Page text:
The good news about fire is that starting one when it counts is actually pretty easy. Lighters are the obvious choice for ignition; Bic sells six-packs of disposable lighters with child guards for next to nothing. When it comes to sustaining the flame, Wetfire Tinder cubes from Ultimate Survival Technologies, Inc. will have you toasting marshmallows in no time. You can buy them in packs perfectly sized for your GHB, they’re designed to burn better the wetter they become, and they’re quick-snuffing, which in its own way is just as important as its other qualities (always practice good fire discipline – forest fires are no fun at all!)
Did you ever have a safety blanket as a kid? Well, safety blankets like the Adventure Medical Kits Heatsheets are the grown-up version. Designed to retain nearly 100% of body heat, roomy enough for two people (individual models also available), and made of highly visible, anti-tear material with usage instructions printed right on the side, an emergency blanket is an invaluable component of any GHB.
Dressing for Success
Striking a balance between the economics of space and maximum utility when assembling and packing a Get Home Bag can be a challenge sometimes, but the payoffs are massive. When packing clothes, for instance, using only a few shirts or tops suitable for varying seasonal conditions can save you space for other things while simultaneously allowing for the quick addition or removal of layers (as weather or other conditions dictate). Pants / trousers should be durable, and making them one size too big – don’t forget a belt if you do this! – so you can fit long underwear inside them is a handy tidbit of survival sleight of hand.
A situation in which a Get Home Bag actually becomes necessary will inevitably take a toll on your hands. For both safety and comfort, make sure you pack some work gloves. A good representative of what you want to look for can be found in the Gripper Gloves line of products from Outdoor Research. With features like weather-resistant and grip-enhancing materials and a limited lifetime warranty, you could do much worse things than buying a pair of these for your GHB.
Footwear that can stand up to the rigors of a survival / disaster situation is one of the most important components of any GHB. After all, you’ll be doing almost everything in the shoes you’re wearing when the mess hits the fan, so it only makes sense to buy the best pair you can find and afford.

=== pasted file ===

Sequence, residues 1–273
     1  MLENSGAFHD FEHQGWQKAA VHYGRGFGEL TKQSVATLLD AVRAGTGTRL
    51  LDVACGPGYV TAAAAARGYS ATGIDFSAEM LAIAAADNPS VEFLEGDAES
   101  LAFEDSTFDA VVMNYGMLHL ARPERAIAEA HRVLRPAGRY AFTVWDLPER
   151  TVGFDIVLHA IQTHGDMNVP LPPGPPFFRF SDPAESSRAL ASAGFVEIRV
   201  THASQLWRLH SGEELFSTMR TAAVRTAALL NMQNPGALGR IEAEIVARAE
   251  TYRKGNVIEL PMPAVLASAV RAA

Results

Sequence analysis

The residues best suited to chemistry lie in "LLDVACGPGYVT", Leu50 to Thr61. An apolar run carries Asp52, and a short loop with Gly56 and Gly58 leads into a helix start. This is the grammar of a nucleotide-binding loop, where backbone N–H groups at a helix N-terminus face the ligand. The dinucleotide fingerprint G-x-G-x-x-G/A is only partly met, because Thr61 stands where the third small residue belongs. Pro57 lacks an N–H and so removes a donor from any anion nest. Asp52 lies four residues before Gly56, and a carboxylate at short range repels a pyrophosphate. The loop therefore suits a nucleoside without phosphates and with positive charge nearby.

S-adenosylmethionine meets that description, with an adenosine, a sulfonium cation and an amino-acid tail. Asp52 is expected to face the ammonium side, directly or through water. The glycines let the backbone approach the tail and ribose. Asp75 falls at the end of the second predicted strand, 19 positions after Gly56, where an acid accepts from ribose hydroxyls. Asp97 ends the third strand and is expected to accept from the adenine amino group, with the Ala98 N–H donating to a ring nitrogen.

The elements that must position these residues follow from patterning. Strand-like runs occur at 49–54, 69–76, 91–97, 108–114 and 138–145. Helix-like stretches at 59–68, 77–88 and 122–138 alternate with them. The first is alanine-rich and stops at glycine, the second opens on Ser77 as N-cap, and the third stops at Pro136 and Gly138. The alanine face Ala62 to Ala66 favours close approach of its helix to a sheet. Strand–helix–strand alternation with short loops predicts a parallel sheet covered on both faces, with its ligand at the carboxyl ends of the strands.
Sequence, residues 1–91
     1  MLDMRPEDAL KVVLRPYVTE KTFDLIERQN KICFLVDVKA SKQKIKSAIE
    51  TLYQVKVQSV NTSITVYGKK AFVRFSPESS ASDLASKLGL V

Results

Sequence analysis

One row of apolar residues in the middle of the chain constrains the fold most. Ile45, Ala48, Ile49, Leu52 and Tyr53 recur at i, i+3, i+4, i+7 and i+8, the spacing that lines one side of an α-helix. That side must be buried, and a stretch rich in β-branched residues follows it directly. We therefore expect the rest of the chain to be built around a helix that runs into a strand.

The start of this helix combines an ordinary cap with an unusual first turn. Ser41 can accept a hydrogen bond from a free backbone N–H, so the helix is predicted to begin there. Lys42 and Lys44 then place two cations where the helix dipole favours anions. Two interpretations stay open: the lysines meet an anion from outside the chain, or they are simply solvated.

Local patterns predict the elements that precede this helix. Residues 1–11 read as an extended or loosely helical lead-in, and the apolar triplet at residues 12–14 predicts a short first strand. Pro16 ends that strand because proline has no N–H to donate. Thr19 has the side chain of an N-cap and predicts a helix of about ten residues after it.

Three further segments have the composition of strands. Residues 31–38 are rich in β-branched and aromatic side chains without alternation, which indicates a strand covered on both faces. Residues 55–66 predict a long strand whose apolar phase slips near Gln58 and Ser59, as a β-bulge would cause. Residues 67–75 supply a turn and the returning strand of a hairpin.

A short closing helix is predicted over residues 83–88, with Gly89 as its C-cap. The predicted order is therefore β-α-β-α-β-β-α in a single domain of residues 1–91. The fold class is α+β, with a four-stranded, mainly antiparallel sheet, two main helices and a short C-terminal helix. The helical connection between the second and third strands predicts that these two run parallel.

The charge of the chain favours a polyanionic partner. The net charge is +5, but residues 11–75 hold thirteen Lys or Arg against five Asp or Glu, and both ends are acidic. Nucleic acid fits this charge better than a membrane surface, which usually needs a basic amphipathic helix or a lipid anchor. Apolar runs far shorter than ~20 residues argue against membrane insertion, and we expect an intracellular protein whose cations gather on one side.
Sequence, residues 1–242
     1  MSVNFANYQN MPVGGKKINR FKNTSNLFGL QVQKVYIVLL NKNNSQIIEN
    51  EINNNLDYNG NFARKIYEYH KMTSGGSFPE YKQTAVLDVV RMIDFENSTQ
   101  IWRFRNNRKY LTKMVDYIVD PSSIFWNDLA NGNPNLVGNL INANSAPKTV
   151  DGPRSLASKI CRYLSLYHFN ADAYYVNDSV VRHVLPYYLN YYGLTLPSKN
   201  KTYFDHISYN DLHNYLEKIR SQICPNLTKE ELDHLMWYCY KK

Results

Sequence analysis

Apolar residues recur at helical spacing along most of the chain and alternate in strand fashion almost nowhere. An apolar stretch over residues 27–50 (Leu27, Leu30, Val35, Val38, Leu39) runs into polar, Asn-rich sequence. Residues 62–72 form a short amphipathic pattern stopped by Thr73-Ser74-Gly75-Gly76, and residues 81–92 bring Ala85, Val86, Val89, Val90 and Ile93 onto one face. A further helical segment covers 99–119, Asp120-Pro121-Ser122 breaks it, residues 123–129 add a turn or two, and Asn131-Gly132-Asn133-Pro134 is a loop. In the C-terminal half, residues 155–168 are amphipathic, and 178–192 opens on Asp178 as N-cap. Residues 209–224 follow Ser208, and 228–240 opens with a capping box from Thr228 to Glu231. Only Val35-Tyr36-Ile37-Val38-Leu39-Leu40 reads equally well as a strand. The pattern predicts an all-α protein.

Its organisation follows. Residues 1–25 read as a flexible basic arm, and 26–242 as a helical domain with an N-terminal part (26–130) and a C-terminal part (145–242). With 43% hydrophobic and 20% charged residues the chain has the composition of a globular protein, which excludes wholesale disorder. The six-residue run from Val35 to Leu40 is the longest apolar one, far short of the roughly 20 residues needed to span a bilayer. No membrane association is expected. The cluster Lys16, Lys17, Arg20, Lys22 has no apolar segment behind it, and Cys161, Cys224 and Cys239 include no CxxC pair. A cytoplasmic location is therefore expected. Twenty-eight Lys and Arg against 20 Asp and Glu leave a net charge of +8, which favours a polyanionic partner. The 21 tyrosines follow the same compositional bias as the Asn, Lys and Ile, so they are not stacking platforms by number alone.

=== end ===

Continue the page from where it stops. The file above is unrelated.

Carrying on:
If you need a bit of a nudge in the right direction, consider the Salomon Quest 4D GTX. These shoes are designed for backcountry use, with features like waterproofing, a gusseted tongue, padding at certain stress points (primarily the ankles) for support and comfort, and a grippy sole. Check them out!
The only thing that will kill you faster than exposure to the elements is a lack of water. Experts estimate that an adult has about three days (seventy-two hours) before dehydration resolves itself in death, and that’s only if you’re not doing anything. Obviously, in an accident or survival scenario, physical activity levels will be even higher than they normally are, so a ready supply of clean water is of paramount importance. The two pieces of equipment that the average GHB should have when it comes to collecting potable water are these:
- A container / water bottle such as the dishwasher safe, BPA-free, filter accessible Nalgene Tritan
- A water filtration system that meets EPA minimum safety guidelines; The Sawyer Products Mini Water Filtration System is a good example, with its integrated drinking pouch and high degree of connectivity to exterior containers, a filter that removes 99.9+ percent of normally encountered waterborne contaminates, and a ~100,000 U.S. gallon filtration threshold (replace beyond this point)
With these two tools at your disposal, gathering, storing, and consuming adequate amounts of water should become much less of a concern than it otherwise might be.
Food / Sustenance
Believe it or not, food is right around the bottom of the GHB totem poll. The average adult can survive for up to three weeks with little to no food, leaving plenty of time to find some. To give yourself a head start before you have to worry about it in earnest, stick a few Clif Bars in your bag!